Day Four in "Fun with Jason's Mom!"
It's Sunday morning and I'm standing in the driveway looking like an idiot, waiting for a taxi. Now if this taxi was taking me away to a land where mothers-in-law do not exist, great. But it didn't. It picked all 3 of us up and whisked us off to the mall where Jason spends 80% of his week and where he did not particularly feel like spending his holiday. But his mother insisted that we go see the store that he manages, and so we called a cab...
Oh wait, did I forget to mention that we almost died yesterday, and in exchange for saving our lives we shot our brakes to hell?
Yeah. I don't know how that slipped my mind. The thing about Toronto driving is this:
1. Everybody honks, mostly for no apparent reason.
2. Nobody stops for red lights. Ever. Except for Jason.
So yes, we had to bring our car to the shop, kiss it goodbye for a good 15 hours and pay out of pocket until our eyeballs bled and all because Jason has this crazy notion that cars are kind of pointless if you can't stop them.
I won't write about the lovely day spent at the Markville mall, or about how Jason worried that his Mom was trying to pick up men in the clearance section, or how Jason managed to wipe his ketchupy fingers all over my jeans.
I'll just skip to the really great part where we took the subway downtown to see the CN tower. Because the wind was cold, we took the skywalk which means we avoided the weather but ran smack dab into something much, much worse. The mullets were instantly overwhelming. I felt woozy. I have not seen so many specimens of white trash since moving to Toronto. And they just kept coming, unable to obey even the most basic principles of walking. They slobbered, they dumbly waved their pirate flags, and I could only assume the Stupid Convention had just let out, what with the vast amounts of female facial hair and acid washed jeans coming at me.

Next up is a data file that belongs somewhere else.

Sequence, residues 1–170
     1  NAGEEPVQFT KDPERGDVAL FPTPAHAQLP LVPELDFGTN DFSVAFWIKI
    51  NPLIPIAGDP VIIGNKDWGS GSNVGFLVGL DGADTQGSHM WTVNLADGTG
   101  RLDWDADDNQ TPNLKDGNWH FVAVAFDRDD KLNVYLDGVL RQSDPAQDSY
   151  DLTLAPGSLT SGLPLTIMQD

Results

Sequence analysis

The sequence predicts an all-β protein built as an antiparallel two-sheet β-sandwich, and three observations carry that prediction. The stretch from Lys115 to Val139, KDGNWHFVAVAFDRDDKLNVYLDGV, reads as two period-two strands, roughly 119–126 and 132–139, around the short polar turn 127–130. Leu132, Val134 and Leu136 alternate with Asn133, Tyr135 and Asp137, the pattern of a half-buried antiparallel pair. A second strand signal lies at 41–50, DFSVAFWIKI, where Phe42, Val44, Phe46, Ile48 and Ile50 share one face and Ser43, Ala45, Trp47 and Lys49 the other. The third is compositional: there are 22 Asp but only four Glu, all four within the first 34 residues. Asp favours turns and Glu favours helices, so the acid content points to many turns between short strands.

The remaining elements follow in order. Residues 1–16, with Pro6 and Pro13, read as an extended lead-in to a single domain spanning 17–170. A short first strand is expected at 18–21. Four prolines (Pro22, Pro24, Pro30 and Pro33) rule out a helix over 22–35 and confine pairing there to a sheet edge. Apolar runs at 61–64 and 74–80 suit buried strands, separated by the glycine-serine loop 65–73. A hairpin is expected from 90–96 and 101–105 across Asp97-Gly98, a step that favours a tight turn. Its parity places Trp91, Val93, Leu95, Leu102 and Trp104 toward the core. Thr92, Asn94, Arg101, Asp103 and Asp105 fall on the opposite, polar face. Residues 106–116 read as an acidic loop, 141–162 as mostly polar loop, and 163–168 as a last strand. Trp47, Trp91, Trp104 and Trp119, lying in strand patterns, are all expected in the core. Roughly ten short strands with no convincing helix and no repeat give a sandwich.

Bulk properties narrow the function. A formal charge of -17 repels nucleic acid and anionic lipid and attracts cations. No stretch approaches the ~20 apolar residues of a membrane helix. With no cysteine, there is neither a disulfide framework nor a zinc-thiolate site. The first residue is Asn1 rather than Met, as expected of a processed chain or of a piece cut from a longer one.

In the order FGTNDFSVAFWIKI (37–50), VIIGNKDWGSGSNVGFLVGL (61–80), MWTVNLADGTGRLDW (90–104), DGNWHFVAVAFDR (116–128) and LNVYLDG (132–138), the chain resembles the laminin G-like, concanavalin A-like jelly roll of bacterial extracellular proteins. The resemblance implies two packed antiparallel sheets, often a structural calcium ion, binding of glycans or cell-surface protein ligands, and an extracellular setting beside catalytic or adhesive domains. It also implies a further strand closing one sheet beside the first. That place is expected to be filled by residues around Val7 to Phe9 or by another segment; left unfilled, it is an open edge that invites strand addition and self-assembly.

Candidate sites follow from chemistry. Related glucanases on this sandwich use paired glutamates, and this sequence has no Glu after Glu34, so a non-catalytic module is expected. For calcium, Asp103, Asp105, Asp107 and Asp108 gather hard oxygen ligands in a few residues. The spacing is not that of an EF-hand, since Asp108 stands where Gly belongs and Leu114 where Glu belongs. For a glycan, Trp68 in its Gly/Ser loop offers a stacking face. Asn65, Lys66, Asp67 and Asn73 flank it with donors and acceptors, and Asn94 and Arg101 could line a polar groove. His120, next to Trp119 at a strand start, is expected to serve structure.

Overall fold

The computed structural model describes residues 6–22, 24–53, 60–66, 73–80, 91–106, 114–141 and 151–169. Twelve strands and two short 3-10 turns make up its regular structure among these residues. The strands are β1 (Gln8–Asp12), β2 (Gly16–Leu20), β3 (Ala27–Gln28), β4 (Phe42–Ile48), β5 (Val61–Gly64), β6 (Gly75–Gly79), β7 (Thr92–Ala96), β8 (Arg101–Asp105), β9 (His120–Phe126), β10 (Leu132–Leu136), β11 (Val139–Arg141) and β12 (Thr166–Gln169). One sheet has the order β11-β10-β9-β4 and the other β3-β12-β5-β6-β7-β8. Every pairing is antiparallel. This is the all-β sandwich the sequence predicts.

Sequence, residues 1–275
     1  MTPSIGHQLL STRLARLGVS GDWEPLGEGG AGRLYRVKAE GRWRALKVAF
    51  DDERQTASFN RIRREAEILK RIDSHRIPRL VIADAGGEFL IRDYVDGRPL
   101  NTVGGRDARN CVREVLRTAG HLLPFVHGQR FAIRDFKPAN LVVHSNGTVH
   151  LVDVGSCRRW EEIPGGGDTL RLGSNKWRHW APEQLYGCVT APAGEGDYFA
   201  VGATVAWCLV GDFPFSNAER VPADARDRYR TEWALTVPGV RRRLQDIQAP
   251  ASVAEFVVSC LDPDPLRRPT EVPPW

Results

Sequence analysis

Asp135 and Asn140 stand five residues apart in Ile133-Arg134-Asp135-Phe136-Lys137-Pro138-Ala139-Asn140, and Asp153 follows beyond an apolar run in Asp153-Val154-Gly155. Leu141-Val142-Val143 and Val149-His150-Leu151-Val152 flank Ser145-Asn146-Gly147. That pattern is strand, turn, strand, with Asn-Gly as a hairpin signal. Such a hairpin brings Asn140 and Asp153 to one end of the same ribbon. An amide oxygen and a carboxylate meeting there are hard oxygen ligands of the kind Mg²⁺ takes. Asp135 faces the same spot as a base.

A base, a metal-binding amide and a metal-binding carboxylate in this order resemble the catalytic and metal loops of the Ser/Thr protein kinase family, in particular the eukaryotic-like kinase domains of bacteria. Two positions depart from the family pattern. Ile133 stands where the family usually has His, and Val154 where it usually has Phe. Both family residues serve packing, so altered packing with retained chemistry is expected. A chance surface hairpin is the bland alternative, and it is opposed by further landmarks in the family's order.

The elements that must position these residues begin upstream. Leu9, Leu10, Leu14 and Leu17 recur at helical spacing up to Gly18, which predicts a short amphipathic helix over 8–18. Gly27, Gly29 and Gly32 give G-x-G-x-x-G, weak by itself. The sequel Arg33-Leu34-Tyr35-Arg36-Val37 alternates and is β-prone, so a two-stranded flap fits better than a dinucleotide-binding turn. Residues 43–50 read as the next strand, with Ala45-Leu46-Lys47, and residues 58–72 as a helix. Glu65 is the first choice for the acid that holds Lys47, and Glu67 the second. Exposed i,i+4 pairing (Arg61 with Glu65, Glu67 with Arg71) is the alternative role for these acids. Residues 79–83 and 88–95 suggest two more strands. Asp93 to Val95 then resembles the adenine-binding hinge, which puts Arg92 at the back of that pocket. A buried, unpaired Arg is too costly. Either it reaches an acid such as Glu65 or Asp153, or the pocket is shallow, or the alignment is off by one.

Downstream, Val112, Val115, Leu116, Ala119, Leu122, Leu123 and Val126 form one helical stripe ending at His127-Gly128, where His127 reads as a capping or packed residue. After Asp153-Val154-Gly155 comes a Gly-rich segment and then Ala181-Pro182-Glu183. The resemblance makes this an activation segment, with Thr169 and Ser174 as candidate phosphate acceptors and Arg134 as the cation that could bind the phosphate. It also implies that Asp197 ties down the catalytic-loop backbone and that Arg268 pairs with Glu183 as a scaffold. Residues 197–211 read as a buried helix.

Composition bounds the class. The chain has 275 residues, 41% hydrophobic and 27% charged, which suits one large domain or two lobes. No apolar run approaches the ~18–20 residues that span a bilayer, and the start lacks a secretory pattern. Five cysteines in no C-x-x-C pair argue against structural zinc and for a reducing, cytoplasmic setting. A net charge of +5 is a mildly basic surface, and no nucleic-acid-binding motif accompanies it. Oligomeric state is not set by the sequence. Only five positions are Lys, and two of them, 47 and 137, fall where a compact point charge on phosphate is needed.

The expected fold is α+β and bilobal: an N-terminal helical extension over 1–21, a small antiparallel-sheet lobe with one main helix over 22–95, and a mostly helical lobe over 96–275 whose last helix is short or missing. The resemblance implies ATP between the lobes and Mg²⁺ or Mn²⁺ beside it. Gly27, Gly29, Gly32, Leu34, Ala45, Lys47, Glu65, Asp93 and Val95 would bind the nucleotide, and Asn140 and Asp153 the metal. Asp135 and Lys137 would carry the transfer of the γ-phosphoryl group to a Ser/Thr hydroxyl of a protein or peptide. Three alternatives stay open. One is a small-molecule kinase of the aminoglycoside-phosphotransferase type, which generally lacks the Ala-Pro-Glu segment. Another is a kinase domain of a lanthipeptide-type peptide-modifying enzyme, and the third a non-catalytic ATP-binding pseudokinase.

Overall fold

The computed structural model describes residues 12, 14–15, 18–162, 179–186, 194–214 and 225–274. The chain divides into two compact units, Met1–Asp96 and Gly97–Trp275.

In a way, I was right, if you take Monster Truck Rally to mean the same thing as Stupid Convention, which I do. Ick.
But finally we made it to the CN tower where we stood in line to purchase tickets, stood in line to refuse to have our pictures taken with cheesy backgrounds, stood in line to go through security (you stand in this pod thingy had have tufts of air blown at you, apparently to see if you're concealing anything good underneath your clothes, called "people puffers" because they dislodge particles and then sniffs them for traces of explosives). Then, before standing in line some more, we chose to get further acquainted
with this moose.
This moose is dressed as a mounted police officer, but he holds no actual authority. This moose is left over from when the city of Toronto was completely peppered with them. For a while you couldn't go anywhere without having a moose for a stalker. Canadians just love their mooses. That one moose nose probably will be responsible for the next germ outbreak of epic proportions.
Then we stood in line again to get crammed into one of the glass elevators that shoot you up to the top of the building. The elevators travel at 22 km/hr to bring you to the top, so between trying not to imagine myself plummeting to the street below and nursing my popping ears, I really felt good about paying a lot of money to get puffed with air and then crowded into this death trap.